The HSE has said the Covid-19 contact-tracing app is set to launch, pending approval from Apple and Google, as well as the Government.
Ireland is set to get a State-backed contact-tracing app within the coming week. According to The Irish Times, the HSE said that the app is ready for launch and will be announced alongside a promotional campaign to “support its uptake and sustained use”.
This is expected later this week and a memo on the state of preparedness of the technology has reportedly been sent to the Government. One of the major steps in the release will be sending the app to Apple and Google for formal approval.
The app would then be ready for launch, pending Government approval. The app, developed by Waterford-based Nearform, uses the Exposure Notification API developed jointly by Apple and Google.
Apps that use this decentralised model will not track a user’s location or gather personal information, but will identify when one person comes in close contact with another on a given day based off Bluetooth ‘handshakes’ from their devices.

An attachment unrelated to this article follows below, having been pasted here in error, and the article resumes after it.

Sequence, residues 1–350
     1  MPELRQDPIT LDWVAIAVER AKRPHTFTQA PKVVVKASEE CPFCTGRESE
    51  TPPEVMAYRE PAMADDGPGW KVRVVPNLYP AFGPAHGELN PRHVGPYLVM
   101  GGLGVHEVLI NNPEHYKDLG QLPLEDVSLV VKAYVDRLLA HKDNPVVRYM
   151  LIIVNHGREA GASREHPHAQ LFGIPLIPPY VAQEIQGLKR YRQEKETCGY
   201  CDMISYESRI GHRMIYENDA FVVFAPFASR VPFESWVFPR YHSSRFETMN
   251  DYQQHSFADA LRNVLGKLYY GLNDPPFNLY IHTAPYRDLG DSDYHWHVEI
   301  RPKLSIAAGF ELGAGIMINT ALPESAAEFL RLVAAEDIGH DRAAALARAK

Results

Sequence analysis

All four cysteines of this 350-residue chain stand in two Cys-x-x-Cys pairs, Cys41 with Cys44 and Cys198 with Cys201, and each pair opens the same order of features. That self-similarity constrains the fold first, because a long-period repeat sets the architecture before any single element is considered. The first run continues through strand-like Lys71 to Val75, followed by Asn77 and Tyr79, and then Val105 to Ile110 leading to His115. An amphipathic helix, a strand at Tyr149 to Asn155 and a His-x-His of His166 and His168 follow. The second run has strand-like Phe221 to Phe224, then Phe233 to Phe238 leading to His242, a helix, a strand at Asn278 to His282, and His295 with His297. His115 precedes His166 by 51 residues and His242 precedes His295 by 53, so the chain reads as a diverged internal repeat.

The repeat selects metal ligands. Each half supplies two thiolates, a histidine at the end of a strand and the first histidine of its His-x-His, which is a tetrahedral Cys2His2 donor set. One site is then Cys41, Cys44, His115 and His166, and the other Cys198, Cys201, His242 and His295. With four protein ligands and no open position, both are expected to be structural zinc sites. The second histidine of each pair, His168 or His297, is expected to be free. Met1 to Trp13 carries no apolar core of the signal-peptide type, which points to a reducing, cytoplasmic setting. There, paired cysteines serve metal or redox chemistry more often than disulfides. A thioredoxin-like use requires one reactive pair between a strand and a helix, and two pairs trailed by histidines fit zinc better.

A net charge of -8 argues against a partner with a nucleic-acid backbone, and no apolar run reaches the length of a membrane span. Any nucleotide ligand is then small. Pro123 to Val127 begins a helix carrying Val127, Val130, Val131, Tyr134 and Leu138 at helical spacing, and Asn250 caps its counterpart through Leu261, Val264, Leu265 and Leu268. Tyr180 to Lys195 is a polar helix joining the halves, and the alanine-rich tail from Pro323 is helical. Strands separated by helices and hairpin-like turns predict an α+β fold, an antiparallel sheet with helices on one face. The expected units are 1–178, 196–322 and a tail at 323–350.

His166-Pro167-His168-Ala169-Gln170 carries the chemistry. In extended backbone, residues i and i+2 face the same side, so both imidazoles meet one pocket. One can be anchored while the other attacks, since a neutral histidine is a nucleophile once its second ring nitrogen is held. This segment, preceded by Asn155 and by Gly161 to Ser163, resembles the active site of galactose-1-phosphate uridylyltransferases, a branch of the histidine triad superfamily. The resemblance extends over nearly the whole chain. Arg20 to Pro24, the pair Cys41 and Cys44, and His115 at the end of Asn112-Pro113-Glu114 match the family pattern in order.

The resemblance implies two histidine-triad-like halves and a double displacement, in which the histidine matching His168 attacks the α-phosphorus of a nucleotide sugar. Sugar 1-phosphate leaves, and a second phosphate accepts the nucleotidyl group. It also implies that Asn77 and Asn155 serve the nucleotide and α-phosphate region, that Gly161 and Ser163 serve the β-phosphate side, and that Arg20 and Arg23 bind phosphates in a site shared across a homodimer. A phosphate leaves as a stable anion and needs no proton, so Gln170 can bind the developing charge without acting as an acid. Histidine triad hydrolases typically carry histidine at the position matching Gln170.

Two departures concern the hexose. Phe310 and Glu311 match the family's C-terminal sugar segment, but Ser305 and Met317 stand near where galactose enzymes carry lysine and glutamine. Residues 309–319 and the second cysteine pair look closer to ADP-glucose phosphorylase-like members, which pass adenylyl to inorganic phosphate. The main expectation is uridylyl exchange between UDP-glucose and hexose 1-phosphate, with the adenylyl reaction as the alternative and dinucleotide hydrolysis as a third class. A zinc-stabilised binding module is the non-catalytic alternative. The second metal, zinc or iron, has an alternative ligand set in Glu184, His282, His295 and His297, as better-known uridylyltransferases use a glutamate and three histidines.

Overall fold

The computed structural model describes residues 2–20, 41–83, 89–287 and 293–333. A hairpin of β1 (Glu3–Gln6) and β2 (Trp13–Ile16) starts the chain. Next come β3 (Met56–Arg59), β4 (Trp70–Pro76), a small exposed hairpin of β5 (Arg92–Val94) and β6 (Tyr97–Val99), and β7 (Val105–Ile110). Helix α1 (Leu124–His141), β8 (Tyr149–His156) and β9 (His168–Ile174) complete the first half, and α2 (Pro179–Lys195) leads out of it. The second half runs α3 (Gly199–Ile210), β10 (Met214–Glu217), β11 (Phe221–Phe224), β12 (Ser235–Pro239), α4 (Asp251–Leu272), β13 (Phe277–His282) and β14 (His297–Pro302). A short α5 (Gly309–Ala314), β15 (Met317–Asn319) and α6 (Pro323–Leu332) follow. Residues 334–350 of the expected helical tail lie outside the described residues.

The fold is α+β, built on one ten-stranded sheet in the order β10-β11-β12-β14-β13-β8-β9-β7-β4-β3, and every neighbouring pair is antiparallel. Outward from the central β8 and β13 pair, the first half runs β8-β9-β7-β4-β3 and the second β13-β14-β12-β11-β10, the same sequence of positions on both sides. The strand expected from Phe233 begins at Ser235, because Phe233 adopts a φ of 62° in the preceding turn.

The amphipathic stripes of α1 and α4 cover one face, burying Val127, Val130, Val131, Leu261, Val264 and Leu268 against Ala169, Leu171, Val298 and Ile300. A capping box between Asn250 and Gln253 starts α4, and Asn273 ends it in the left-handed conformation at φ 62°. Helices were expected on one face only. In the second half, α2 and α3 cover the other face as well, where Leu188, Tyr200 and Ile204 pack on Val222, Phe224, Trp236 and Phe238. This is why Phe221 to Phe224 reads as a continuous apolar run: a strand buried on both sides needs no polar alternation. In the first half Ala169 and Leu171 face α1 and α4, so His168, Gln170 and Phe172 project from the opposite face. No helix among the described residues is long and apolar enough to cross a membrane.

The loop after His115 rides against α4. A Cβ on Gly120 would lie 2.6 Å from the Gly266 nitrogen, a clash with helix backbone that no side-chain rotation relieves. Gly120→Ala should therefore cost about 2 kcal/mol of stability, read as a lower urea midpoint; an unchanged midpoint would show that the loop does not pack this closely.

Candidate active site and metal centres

If a person reports in the app that they have been diagnosed with Covid-19, people who came into close contact with them will be notified and will be instructed on what to do next.
Willingness to download an app
A recent survey found that 82pc of respondents in Ireland said they were willing to download a contact-tracing app on their phone to help curb the Covid-19 pandemic. A separate survey published in May found that 84pc of respondents in Ireland said they would consider downloading a contact-tracing app.
In the latest survey, the majority of respondents said they would prefer an app that uses Bluetooth technology. Only 31pc said they would prefer an app that uses geolocation technology, something which the Irish app will not be able to track.
However, a recent study published by researchers from Trinity College Dublin (TCD) has called into question the effectiveness of Apple and Google’s API, particularly how Bluetooth connections are made on public transport.
This found in testing on public buses that Bluetooth signal strength could find it more difficult, in some cases, to make a connection between two phones close together than ones further apart.
According to TCD’s Prof Dough Leith, this is “presumably due to all the metal which reflects the radio waves”.